Because men tend to develop obstructive sleep apnea before women, previous studies may have underestimated the connection between sleep apnea and stroke in women, according to the study's authors.
"Our results could have a substantial impact on our thinking of the risks associated with sleep apnea in women," the study's lead author, Dr. Suzie Bertisch, of Beth Israel Deaconess Medical Center in Boston, said in a news release from the American Thoracic Society.
"From a clinical standpoint, the results could help clinicians provide more proactive treatment for reducing cardiovascular risk in their female [sleep apnea] patients," she added.
Obstructive sleep apnea is a common disorder that causes shallow breathing or repeated pauses in breathing during sleep, according to the U.S. National Heart, Lung, and Blood Institute. The pauses can last a few seconds or minutes. Common signs of sleep apnea include snoring, choking or gasping sounds, morning headaches and excessive daytime sleepiness.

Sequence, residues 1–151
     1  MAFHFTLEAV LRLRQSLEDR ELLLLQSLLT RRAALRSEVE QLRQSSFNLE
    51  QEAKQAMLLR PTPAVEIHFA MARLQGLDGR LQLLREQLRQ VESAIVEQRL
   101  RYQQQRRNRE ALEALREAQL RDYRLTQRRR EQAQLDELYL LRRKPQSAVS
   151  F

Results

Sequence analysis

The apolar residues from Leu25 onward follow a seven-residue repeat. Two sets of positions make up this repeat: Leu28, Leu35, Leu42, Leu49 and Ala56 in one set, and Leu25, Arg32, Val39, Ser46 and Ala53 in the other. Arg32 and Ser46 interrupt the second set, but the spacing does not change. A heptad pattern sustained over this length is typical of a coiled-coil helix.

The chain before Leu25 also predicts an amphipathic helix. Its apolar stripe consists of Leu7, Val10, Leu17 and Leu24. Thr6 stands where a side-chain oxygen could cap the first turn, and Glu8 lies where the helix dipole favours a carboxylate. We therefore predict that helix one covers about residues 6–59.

For the current study, researchers examined data from more than 5,400 people who took part in a long-term study of how sleep apnea affects heart health. The average follow-up time in the study was more than 11 years.
The analysis revealed that sleep apnea increases the chance of stroke and that the risk is equally high in women and men.
The study was scheduled for presentation Tuesday at the American Thoracic Society's annual meeting in San Diego. Research presented at meetings is generally considered preliminary until results are published in a peer-reviewed journal.
Bertisch said further research is needed to see if sleep apnea treatment lowers stroke risk in both men and women, and also called for additional studies of sleep apnea in women.
The U.S. National Heart, Lung, and Blood Institute has more about sleep apnea.